A general object of the present invention is to provide a mechanism which automatically releases the compression of an internal combustion engine at low speeds to facilitate starting the engine.
A more specific object is to provide such a compression release mechanism having an eccentric cam pin which is rigidly held in different positions depending upon the speed of the engine. By holding the pin in the different positions, it is not permitted to move from those positions.
Another object of the present invention is to provide a flyweight design which can be manufactured easily without complex metal forming steps.
Yet another object is to provide a mechanism which can be assembled easily.
A further object is that the compression release mechanism incorporate components which can be easily fabricated and assembled.
FIG. 1 is a cross sectional view of a portion of an internal combustion engine incorporating the present invention;
FIG. 2 is a view taken along line 2--2 of FIG. 1 and illustrates the orientation of the components when the engine is stopped or at low speeds; and
FIG. 3 is an illustration similar to that of FIG. 2, but which illustrates the orientation of the components at a higher engine speed.
With initial reference to FIG. 1, an internal combustion engine 10 has a passage 12 which communicates with the engine cylinder (not shown). The passage 12 opens into an exhaust outlet 16 and has a valve 14 for selectively sealing the interface between the passage and the exhaust outlet. The valve 14 is mounted on a first valve lifter 18 which is biased by spring 20 to maintain the valve in a closed state.
The cylinder passage 12 also communicates with a fuel intake port 22 which connects to a conventional carburetor (not shown). An intake valve 24 selectively seals the interface between the cylinder passage 12 and the fuel intake port 22. The intake valve 24 is attached to a second valve lifter 26 which is biased by spring 28 to maintain the intake valve 24 in a closed position (as illustrated in FIG. 1).
The remote ends of the two valve lifters engage a cam shaft 30 having a longitudinal axis 36. The cam shaft 30 includes a first cam surface 31 which is followed by the first valve lifter 18. The first cam surface 31 has a lobe 33 that pushes the first valve lifter 14 upward to open the exhaust valve 14 when the cam shaft is at a first angular position and release the combustion gases from the engine cylinder. The cam shaft also includes a second cam surface 32 which is followed by the second valve lifter 26 to open the intake valve 24 so that a fuel mixture can enter the cylinder from the carburetor. The operation of the exhaust and intake valves have a conventional timing relationship to the movement of the piston within the engine cylinder. This timing relationship is maintained by a timing gear 34 attached to the cam shaft 30 and meshing with a gear on the piston's crank shaft (not shown).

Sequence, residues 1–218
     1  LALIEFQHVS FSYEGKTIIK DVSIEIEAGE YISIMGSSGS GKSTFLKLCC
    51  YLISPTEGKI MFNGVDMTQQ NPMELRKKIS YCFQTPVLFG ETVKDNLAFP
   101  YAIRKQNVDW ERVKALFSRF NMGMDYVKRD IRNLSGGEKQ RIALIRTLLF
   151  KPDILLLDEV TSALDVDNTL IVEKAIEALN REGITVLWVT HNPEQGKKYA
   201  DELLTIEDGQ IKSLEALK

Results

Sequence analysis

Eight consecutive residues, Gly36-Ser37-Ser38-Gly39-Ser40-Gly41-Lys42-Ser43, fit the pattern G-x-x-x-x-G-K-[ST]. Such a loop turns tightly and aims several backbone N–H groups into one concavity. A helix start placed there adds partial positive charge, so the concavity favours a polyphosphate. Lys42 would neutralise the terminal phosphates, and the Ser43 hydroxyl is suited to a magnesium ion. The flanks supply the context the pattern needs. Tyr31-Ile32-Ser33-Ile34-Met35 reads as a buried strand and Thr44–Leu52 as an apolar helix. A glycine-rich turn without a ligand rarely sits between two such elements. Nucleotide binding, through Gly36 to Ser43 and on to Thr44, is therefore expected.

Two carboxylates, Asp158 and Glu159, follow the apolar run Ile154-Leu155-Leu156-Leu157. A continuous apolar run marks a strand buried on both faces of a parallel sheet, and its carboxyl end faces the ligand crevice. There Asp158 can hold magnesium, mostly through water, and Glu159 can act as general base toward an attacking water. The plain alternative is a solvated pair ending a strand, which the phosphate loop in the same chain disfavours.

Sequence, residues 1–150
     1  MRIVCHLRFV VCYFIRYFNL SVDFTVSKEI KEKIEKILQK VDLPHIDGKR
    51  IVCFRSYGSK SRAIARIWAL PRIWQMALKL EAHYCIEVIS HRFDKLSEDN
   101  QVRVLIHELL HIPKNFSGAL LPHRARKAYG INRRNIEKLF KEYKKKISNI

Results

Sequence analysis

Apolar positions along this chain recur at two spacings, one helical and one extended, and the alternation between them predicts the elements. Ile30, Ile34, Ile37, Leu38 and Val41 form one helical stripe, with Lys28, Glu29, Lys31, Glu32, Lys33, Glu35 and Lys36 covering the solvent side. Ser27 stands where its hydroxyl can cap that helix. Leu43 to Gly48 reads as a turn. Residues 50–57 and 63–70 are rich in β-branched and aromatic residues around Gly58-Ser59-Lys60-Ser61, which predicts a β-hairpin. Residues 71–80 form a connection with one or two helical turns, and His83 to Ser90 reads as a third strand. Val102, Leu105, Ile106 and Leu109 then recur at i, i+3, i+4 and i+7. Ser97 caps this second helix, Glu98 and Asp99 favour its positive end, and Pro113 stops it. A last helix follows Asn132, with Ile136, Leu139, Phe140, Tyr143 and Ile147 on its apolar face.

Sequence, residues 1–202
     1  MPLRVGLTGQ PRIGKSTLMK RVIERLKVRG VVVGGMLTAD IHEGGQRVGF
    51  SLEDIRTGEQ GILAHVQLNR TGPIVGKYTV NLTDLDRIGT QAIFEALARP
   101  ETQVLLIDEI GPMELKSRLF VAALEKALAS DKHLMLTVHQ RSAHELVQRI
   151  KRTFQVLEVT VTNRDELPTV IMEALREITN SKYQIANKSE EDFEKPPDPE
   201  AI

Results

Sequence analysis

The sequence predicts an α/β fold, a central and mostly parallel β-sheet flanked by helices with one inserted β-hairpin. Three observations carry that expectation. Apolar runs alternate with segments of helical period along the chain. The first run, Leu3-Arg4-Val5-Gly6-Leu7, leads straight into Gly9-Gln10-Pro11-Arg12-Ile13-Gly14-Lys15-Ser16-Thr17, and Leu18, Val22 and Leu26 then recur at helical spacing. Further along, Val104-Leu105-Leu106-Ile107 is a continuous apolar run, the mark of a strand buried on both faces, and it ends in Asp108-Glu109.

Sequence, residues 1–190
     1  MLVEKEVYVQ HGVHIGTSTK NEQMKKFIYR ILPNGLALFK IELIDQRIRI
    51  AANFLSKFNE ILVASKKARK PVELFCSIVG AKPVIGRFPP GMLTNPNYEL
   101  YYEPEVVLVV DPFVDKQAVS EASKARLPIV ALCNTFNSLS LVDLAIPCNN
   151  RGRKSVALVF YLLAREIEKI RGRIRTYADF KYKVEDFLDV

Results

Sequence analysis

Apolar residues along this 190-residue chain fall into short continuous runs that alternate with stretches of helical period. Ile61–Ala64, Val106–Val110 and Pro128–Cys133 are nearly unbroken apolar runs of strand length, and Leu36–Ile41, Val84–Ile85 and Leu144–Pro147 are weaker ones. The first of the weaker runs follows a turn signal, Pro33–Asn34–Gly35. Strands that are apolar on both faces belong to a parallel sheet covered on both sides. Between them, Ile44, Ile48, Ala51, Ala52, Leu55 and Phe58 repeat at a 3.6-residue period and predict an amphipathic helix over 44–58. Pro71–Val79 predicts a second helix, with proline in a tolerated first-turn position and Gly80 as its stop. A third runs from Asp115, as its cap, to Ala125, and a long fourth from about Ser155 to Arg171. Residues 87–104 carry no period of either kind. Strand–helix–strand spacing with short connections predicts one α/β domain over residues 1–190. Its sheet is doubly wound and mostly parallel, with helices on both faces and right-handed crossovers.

With reference to FIGS. 1 and 2, the engine 10 further comprises a compression release mechanism, generally designated 40. This compression release mechanism 40 includes a cam pin 42 having an eccentric portion 44 at one end which is received within a seat 46 of the cam shaft 30. The eccentric portion 44 of the cam pin has a semi-circular cross section, as best shown in FIG. 2. The end of the cam pin 42 which is remote from the eccentric portion 44 is located within an aperture 38 in the gear 34. The cam pin 42 loosely fits within the aperture 38 and the cam shaft seat 46 and is able to rotate about the pin's longitudinal axis. A drive plate 48 is fixedly attached to the cam pin 42 and has gear teeth 49 in a peripheral edge.
A generally crescent shaped flyweight 50 is attached to a major surface of the timing gear 34 by a rivet 52 in a manner which allows the flyweight to rotate about the rivet. For example, the flyweight can be stamped from a sheet of metal without the need for further bending. Although the flyweight is attached to a gear in the preferred embodiment, any similar plate-like element fixed to the cam shaft can be used. A torsion spring 54 extends around the rivet 52 with one end 55 in contact with a surface of the cam shaft 30 and another end 56 bent around the outer edge of the flyweight 50 thereby biasing the flyweight 50 toward the cam shaft. The plane of flyweight 50 is substantially parallel to the surface of the gear and normal to the longitudinal axis of the cam shaft 30, as shown in FIG. 1. A series of gear teeth 60 are cut in the inner edge 61 of the flyweight 50 and mesh with the teeth 49 in the drive plate 48. The use of meshed teeth to couple the flyweight and the drive plate facilitates component assembly as compared to previous automatic compression release mechanisms. As will be described in detail, the movement of the flyweight 50 about the rivet 52 exerts a force which produces a rotational movement of the cam pin 42.